Pubdate: Tue, 10 Mar 1998
Date: 10/03/1998
Source: Los Angeles Times (CA)
Author: J. Thomas Ungerleider MD
Note: Dr. Ungerleider is Professor Emeritus of Psychiatry UCLA Medical Center

Scott Gottlieb (Opinion, Sept. 27) suggests that making marijuana
available medically will result in U.S. physicians regularly abusing
marijuana, causing the "stoned age" of medicine.

That certainly has never happened with physicians prescribing
morphine and the other opiates, cocaine and even methamphetamine.
Gottlieb cites the British experience, where medical use of marijuana
is encouraged, and he alleges that "46% of medical students in England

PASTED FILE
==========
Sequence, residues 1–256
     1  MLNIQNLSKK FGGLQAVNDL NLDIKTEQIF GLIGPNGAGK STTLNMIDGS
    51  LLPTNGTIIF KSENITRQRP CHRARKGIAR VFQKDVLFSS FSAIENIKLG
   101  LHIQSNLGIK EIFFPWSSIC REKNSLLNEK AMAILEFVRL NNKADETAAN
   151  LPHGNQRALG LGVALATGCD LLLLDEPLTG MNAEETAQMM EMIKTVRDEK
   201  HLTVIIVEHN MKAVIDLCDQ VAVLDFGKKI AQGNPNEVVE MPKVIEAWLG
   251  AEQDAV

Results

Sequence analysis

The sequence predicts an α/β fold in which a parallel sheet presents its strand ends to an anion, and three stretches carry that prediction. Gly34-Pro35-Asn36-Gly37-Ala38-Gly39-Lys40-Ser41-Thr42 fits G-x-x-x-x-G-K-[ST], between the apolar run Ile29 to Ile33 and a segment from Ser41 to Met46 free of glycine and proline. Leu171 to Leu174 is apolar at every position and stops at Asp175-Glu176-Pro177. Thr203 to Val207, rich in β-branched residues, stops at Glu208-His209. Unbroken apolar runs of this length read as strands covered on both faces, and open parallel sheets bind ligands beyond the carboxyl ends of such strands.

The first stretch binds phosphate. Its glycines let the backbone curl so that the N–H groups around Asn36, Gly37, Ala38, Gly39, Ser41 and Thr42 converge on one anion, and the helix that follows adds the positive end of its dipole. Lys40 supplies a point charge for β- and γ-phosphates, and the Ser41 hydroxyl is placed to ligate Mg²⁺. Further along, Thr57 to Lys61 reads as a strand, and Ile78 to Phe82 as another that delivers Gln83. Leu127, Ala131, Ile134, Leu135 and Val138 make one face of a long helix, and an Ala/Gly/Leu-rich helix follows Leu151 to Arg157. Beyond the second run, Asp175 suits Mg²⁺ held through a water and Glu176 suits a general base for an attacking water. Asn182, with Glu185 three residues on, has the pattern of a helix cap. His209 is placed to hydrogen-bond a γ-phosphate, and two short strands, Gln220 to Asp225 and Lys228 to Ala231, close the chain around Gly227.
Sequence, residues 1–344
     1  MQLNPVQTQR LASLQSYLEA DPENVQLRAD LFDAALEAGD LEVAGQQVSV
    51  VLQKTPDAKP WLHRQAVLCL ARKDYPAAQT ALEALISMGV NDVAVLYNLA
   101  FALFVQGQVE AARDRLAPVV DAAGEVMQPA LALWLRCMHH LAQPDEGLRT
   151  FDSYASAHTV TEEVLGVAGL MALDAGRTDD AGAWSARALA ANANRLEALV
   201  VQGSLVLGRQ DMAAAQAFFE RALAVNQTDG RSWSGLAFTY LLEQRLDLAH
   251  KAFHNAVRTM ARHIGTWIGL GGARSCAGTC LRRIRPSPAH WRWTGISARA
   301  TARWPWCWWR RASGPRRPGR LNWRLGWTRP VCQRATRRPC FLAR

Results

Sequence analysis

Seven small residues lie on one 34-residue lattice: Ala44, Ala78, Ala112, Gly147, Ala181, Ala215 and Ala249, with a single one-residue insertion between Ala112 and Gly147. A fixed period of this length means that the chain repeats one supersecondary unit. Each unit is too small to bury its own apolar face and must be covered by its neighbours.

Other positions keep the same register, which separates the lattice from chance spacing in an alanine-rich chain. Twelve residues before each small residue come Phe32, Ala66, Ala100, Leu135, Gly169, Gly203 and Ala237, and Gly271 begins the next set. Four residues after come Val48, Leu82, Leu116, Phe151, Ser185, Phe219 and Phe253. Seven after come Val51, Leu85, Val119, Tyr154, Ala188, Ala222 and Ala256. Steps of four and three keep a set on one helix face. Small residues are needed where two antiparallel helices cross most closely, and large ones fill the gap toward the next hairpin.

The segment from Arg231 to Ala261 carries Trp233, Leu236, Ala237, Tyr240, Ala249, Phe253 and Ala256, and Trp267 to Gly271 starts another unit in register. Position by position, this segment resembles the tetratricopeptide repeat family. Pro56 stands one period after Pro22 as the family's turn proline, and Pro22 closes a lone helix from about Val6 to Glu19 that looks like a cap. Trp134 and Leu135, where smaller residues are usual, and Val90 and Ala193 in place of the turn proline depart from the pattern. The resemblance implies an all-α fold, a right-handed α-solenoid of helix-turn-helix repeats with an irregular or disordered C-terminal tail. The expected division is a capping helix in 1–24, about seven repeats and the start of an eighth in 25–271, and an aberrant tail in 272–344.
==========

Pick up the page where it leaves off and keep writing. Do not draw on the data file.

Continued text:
have tried marijuana at least once, while 10% claimed to smoke one
joint or more per week." He connects this with Britain's early efforts
to legalize recreational marijuana use. Interestingly, we have data on
American medical students' use of marijuana in 1971, before anyone
thought about its medical uses. Fully 72% of medical students surveyed
in a Southern California medical school had tried marijuana at least
once, 18% smoked at least once weekly and over 40% used at least once
monthly, far more than our British colleagues (Ungerleider, et al.,
Journal of the American Medical Assn., 1971). Before 1975 in
California, being "under the influence of" marijuana was a felony;
conviction resulted in a minimum mandatory sentence of 90 days in
jail. Thus the high use was despite draconian laws.

J. THOMAS UNGERLEIDER MD Professor Emeritus of Psychiatry UCLA
Medical Center